Can you unpack that a little more? Ie. projected by what?


_________________
“Love takes off the masks that we fear we cannot live without and know we cannot live within. I use the word "love" here not merely in the personal sense but as a state of being, or a state of grace - not in the infantile American sense of being made happy but in the tough and universal sense of quest and daring and growth.” - James Baldwin


cyberdad
Veteran
Veteran

User avatar

Joined: 21 Feb 2011
Age: 55
Gender: Male
Posts: 29,862

16 Jul 2022, 9:38 pm

techstepgenr8tion wrote:
Can you unpack that a little more? Ie. projected by what?


I mean't in the context you mentioned

techstepgenr8tion wrote:
What's tricky is that you have a lot of ways in which people are examining idealism now to where the frameworks give back something that looks and feels like physicalism and Darwinian evolution by natural selection (something Donald Hoffman is really adamant has to be given back - along with QM, GR, Yang-Mills, etc.).


People examining idealism is a projection of what they perceive is idealism (sorry I was trying to tie this back to consciousness)



techstepgenr8tion
Veteran
Veteran

User avatar

Joined: 6 Feb 2005
Age: 43
Gender: Male
Posts: 22,998
Location: The 27th Path of Peh.

16 Jul 2022, 9:55 pm

Okay, I had to ask because a lot of people instinctively assume that idealism means that individual humans are projecting reality (ie. Bishop Berkeley).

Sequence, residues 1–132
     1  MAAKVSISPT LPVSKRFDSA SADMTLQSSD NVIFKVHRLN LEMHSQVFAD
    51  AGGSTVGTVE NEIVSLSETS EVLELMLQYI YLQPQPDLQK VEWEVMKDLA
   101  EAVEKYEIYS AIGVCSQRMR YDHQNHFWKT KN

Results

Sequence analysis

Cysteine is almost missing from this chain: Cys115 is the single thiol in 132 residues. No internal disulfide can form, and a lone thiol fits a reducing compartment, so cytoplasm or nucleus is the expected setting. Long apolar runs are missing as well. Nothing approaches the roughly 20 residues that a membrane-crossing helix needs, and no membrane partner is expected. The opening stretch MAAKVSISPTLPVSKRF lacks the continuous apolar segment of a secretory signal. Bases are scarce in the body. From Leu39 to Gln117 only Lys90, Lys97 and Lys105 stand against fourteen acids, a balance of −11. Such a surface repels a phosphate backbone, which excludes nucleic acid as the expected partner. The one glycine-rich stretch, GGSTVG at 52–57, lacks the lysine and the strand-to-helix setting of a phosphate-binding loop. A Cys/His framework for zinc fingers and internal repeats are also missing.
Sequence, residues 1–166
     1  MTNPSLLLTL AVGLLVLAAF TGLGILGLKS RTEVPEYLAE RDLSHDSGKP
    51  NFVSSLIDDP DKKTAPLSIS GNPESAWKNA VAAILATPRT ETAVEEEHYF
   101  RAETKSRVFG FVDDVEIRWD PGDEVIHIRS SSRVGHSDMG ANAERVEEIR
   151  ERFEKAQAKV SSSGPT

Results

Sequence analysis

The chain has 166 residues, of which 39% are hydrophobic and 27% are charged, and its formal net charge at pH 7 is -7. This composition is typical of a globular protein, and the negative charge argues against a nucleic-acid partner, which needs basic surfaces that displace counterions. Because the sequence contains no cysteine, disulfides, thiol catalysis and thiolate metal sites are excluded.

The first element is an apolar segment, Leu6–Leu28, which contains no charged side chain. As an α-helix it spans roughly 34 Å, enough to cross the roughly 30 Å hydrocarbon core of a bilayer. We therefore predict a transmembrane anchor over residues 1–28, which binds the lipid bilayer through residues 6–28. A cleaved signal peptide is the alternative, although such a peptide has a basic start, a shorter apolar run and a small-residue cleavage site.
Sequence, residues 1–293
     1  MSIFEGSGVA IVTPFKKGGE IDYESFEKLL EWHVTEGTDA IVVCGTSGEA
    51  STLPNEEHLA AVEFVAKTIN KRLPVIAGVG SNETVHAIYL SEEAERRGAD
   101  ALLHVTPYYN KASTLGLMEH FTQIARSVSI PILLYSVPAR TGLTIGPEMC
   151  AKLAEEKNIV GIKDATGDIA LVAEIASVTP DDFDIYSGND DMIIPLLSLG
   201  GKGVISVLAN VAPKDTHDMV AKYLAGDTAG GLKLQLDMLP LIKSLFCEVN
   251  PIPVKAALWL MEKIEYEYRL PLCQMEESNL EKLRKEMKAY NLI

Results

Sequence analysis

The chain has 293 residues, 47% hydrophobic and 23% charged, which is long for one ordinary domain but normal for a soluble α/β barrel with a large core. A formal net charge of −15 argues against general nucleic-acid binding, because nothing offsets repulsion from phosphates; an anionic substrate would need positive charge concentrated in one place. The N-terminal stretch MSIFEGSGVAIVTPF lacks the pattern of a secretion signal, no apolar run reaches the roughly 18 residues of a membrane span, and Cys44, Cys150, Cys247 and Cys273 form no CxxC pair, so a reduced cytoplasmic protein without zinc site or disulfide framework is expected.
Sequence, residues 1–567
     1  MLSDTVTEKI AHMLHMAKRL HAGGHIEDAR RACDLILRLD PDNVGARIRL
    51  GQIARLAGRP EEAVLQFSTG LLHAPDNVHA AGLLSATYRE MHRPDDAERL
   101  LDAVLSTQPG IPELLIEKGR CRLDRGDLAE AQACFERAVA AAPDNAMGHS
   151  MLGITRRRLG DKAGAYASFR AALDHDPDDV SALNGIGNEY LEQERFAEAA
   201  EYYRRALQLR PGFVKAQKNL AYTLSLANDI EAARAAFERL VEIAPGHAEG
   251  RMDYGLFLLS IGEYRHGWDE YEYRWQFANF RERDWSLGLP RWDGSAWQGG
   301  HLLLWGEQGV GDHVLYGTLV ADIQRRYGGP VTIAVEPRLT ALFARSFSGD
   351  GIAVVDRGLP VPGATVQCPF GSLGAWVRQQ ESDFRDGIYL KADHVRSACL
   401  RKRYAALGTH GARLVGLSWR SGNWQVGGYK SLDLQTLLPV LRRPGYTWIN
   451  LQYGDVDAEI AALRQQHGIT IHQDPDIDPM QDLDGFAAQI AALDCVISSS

I think the absolute idealism that people are talking about is that matter is primarily mental in nature. Donald Hoffman would talk about our need to reduce information for the sake of attaining fitness payouts (ie. both staying alive and winning fitness races against other humans) to which the fitness organism is the one who sees the least truth and the most fitness payouts as the one who sees only fitness payouts will leave those that see truth in the dust. His idea as well is that we're dealing, on one level, with granular conscious agents that stack to form larger agents - something like functionalism with multiple realizability and realizability on different levels without those levels having direct contact with one another (ie. feeling autonomy or that lower levels are like subconscious processes). He'd also suggest that what we see is so reduced that it approximates something like virtual reality, which gets garbage collected when we're not looking at a given thing, but what's getting garbage collected is our trimmed-down UI rather than the actual objects that are reduced and represented. The closest analogy I can think of to reify that, although it could be wrong, would be like saying that there's no actual quantum collapse but rather we 'hallucinate' collapse and what collapses is our UI.